Malaysia’s GDP Contracted 1.5% In Q1, Economists

Pavither May 12, 2020

Malaysia’s GDP contracted 1.5% in Q1, economists

With the Covid-19 pandemic shattering external demand and private consumption, Malaysia’s economy is believed to have contracted in the first quarter – its first in over a decade.

The median forecast from a survey of 12 economists was for the country’s gross domestic product to fall 1.5% year-on-year in Q1 2020, the first contraction since Q3 2009 during the global financial crisis.

Individual forecasts ranged between a 0.8% GDP growth and a 4.2% decline, reported Reuters.

Alex Holmes, Asia economist for Capital Economics, noted that Malaysia’s economy took a heavy beating from sharp downturns in external trade, tourism and global crude prices, aggravated by poor domestic activity due to the government’s curbs on businesses and movement.

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“While a gradual easing of restrictions, both at home and abroad, should see activity rebound in the second half of the year, output is still likely to be much lower in 2020 than last year,” said Holmes, who expects the economy to decline 5% this year.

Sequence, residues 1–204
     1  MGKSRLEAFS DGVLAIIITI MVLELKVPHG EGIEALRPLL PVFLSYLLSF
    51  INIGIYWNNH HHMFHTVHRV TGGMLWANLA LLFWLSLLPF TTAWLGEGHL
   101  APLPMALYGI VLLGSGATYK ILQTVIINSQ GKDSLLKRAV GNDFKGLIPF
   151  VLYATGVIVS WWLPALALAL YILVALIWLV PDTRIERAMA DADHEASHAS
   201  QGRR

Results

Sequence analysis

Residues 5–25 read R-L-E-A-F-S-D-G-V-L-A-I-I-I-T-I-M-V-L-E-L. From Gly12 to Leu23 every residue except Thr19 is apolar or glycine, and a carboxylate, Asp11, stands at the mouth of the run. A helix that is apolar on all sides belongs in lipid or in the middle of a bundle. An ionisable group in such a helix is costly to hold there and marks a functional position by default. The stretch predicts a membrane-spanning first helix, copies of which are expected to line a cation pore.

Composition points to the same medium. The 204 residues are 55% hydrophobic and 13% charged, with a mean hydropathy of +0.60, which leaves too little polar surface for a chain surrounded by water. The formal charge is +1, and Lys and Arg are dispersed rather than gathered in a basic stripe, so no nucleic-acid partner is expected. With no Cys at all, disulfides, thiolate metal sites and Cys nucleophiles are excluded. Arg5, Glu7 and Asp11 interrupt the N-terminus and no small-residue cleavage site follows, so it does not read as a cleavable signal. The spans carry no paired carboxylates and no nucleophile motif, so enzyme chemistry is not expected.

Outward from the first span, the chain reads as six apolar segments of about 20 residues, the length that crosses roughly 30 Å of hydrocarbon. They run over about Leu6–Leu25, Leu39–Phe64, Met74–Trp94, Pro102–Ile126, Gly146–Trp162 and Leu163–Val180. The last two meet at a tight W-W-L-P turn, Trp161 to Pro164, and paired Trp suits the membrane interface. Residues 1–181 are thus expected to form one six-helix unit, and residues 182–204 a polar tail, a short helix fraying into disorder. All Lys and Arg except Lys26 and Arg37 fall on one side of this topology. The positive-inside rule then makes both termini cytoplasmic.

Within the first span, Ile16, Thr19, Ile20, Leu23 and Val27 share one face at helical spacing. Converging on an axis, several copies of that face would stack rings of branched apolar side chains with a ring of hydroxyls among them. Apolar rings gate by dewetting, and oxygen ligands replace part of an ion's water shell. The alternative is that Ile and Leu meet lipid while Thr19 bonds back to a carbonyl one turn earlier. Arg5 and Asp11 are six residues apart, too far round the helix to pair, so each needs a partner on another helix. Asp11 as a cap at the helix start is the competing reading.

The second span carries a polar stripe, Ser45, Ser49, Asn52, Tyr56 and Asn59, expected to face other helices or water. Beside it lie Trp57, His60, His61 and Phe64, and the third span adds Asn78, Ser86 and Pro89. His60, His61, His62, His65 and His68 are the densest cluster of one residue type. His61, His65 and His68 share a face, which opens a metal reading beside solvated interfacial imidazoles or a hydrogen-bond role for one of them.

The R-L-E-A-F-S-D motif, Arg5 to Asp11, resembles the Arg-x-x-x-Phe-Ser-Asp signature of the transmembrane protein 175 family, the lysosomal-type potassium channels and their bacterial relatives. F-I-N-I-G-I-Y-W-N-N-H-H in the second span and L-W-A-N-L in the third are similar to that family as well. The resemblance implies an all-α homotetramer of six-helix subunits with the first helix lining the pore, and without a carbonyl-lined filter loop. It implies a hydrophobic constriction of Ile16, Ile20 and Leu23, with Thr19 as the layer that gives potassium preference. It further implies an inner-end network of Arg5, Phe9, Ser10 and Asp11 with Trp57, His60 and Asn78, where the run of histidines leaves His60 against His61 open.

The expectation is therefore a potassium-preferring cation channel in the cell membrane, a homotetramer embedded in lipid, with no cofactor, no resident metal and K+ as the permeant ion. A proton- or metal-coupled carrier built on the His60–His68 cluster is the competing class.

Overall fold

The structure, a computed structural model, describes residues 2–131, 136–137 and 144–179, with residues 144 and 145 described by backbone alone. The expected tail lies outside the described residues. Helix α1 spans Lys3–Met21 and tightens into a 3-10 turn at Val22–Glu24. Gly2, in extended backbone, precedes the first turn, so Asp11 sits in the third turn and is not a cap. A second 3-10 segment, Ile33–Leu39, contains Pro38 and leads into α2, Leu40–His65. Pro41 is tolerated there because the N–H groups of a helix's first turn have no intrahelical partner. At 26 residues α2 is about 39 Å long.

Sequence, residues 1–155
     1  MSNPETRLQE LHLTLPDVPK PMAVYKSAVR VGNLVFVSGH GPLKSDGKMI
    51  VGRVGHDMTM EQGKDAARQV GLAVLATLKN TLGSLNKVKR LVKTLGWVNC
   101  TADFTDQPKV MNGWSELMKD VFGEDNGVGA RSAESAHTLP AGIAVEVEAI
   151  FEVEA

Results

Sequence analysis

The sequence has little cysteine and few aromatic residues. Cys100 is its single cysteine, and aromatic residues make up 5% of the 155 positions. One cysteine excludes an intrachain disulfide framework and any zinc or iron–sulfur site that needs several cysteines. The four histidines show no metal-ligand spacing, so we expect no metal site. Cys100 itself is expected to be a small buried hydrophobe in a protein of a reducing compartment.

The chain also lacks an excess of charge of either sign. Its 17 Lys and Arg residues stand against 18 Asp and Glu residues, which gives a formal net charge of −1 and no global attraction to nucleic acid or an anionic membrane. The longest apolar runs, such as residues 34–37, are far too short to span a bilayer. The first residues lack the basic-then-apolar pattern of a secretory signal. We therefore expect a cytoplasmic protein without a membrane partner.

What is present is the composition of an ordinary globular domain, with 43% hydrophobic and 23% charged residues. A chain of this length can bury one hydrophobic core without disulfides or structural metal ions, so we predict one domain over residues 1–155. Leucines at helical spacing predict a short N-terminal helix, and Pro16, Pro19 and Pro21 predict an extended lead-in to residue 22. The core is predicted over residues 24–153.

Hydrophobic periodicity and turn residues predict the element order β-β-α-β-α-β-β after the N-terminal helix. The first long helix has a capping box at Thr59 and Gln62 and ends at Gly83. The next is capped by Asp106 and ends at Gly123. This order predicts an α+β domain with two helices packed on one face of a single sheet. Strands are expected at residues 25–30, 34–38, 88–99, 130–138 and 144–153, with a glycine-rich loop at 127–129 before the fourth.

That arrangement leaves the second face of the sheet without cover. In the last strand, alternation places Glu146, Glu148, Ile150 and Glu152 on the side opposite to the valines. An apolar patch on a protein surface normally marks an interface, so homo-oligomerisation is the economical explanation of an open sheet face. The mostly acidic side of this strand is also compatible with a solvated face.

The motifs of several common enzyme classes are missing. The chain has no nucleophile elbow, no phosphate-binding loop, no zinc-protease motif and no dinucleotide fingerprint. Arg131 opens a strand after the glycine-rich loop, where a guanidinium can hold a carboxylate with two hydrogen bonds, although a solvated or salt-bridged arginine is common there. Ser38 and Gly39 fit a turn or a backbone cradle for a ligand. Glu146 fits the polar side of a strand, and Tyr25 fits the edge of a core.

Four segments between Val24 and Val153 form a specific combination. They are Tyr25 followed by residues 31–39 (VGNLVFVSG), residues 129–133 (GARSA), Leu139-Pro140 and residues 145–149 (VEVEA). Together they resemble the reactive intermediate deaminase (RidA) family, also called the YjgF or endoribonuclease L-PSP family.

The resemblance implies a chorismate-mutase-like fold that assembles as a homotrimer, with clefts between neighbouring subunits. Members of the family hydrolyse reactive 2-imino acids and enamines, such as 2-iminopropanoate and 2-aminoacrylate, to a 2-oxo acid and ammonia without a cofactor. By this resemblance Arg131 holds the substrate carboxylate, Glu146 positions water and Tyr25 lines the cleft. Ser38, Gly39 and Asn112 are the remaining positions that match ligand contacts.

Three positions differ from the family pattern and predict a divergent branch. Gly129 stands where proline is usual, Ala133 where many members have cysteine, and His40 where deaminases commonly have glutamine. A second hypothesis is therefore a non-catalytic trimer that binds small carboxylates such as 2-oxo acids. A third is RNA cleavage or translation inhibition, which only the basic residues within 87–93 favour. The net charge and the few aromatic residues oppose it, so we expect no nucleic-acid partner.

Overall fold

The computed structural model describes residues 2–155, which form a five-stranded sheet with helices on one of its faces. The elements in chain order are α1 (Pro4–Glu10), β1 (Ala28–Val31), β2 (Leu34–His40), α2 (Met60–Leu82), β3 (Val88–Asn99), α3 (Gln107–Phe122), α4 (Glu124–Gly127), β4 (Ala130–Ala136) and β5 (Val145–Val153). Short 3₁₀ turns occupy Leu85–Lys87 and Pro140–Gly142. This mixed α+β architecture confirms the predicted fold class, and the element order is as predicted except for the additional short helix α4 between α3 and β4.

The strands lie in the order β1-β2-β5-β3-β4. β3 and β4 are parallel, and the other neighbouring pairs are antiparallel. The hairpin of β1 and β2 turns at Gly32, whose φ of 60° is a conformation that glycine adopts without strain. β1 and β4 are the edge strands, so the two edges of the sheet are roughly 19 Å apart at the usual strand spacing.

And while Malaysia’s statistics department had delayed the release of factory output data for March, economists predict that industrial production to have sharply dropped as most businesses and factories were ordered to cease operations in a bid to limit the spread of Covid-19.

Exports declined 4.7% in March on the back of a decline in shipments across sectors as well as trade partners.

Last month, Malaysia’s central bank had predicted the economy to either marginally grow by 0.5% or contract by up to 2% due to the pandemic, underscoring that “great uncertainty remains”.

Bank Negara Malaysia also slashed its key interest rate last week, its third consecutive cut for this year, pushing it down to a historic low of 2%.

Standard Chartered said domestic activity would be of greater concern for Southeast Asia’s third-biggest economy, as the movement control order (MCO) issued by the government had been “relatively stringent”.

It added that “the degree of uncertainty to the forecast is very high”.

“More importantly, Q2 GDP is likely to be significantly worse than Q1 as the MCO has only just been eased to conditional MCO (CMCO) beginning May 4,” it said in a note.

 

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